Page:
Cancer Death Rate Report Shows Progress and Failures
New report says the cancer death rate is declining and almost 900,000 deaths were prevented due to continuing advancements in cancer prevention and treatment. However, it also reveals that not all sectors of the population are benefiting equally.
The report, published by the American Cancer Society, said that the death rate for all cancers fell by nearly 2 percent per year in men and 1.5 percent per year for women between the years 2001 to 2007. That means that 898,000 are still living who would have otherwise died between 1990 and 2007.
Education and Race Are Determining Factors
However, despite the steady overall declines in death rates from cancer, disparities still remain among races and education levels. The most educated Caucasians are far less likely to die from cancer than those of Hispanic or African decent or those who have less education. In fact, those with the least amount of education are more than twice as likely to die from cancer than those who have the most.
Experts from the report said that education level, a common measure of socioeconomic status, made the most difference in whether or not one would die from cancer. “For African Americans, closing the gap between death rates among the most and least educated could potentially avert twice as many premature cancer deaths as eliminating racial disparities between blacks and whites, underscoring the preponderance of poverty in cancer disparities across all segments of the population,” read the press release from the American Cancer Society.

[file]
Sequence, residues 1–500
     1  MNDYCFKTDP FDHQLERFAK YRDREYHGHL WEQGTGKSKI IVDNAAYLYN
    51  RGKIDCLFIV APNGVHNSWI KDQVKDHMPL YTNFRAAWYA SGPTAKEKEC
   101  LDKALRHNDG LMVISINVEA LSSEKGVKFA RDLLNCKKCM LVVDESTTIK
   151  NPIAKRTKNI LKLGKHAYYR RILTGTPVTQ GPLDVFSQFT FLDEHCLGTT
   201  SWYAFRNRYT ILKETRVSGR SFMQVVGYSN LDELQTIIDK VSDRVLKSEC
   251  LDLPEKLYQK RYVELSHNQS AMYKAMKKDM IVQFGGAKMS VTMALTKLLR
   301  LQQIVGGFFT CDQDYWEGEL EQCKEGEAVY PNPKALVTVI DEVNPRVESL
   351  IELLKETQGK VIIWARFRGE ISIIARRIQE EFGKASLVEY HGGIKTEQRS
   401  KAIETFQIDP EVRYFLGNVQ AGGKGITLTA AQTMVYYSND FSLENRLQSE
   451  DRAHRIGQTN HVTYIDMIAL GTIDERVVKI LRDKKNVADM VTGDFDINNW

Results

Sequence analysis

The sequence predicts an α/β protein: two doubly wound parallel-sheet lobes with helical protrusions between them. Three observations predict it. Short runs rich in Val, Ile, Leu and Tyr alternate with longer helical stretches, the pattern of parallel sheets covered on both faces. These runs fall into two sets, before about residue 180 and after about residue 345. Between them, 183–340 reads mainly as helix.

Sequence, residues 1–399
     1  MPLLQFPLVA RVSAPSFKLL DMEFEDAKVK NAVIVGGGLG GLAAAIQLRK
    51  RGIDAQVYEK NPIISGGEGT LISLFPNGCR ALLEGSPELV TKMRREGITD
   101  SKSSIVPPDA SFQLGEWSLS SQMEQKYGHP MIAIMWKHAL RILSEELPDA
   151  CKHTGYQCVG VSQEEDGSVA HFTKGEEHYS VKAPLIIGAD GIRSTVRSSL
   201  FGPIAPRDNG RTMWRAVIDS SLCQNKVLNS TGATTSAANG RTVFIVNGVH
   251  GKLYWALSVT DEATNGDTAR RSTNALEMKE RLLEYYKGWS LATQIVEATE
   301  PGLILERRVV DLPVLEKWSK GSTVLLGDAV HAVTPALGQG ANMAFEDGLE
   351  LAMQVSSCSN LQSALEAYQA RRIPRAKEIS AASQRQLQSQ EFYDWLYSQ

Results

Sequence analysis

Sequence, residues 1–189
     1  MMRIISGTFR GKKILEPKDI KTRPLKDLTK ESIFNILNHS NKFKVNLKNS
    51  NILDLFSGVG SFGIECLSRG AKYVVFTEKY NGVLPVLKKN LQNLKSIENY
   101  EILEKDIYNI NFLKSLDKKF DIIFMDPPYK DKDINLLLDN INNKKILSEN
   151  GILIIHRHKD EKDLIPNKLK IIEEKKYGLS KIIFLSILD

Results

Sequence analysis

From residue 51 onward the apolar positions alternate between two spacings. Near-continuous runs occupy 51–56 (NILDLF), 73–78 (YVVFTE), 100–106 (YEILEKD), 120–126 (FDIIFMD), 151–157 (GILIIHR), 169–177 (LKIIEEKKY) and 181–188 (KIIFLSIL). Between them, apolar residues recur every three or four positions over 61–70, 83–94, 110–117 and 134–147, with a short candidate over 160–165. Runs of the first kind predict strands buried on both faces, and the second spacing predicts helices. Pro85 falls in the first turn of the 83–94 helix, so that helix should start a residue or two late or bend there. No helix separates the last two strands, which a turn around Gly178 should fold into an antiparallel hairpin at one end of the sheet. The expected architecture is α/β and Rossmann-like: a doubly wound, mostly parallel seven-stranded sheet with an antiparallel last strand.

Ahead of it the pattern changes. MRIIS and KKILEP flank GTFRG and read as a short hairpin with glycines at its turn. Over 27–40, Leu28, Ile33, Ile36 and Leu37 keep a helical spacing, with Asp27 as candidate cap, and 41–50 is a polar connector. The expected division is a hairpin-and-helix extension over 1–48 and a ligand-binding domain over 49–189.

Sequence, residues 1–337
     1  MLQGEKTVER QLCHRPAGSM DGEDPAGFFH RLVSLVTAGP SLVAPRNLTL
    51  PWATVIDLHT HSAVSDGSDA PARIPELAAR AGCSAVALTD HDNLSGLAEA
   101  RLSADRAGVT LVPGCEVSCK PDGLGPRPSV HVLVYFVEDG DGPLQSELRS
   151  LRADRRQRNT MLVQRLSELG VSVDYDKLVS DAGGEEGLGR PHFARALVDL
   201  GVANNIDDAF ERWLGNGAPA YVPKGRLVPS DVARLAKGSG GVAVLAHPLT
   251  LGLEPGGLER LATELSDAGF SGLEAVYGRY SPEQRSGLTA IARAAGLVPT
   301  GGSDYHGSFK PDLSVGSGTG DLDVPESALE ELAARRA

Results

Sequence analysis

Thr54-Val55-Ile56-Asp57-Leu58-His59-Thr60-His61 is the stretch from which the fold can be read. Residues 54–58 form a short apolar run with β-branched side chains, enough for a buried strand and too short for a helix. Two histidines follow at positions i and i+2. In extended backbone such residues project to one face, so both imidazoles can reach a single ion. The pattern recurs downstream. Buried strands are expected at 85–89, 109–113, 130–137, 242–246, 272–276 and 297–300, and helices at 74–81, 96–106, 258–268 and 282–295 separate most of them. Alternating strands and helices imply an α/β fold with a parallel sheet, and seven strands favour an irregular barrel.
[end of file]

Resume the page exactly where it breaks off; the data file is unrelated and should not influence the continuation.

Other major findings in the report include:
- Men have a higher lifetime risk of being diagnosed with cancer than women (44 percent and 38 percent respectively).
- There was a rapid decline in colorectal cancer due to improvements in screening and polyp removals. Other major cancers that have also declined include breast and prostate cancer.
- For men, the majority of newly diagnosed cancers are lung, bronchus and colorectal cancers
- For women breast, lung, broncus and colorectal cancer are the most frequently diagnosed.
- The majority of the decline in the cancer rates in men are due to decreases in lung, prostate and colorectal cancers and in women breast and colorectal cancers.
"The nearly 900,000 cancer deaths avoided over a 17-year period stand in stark contrast to the repeated claim that cancer death rates have not budged," said John R. Seffrin, Ph.D., chief executive officer of the American Cancer Society. "Nonetheless, we refuse to be satisfied, and are committed to doing whatever it takes, not only to ensure cancer death rates continue to drop, but to accelerate the decline."
Resource: American Cancer Society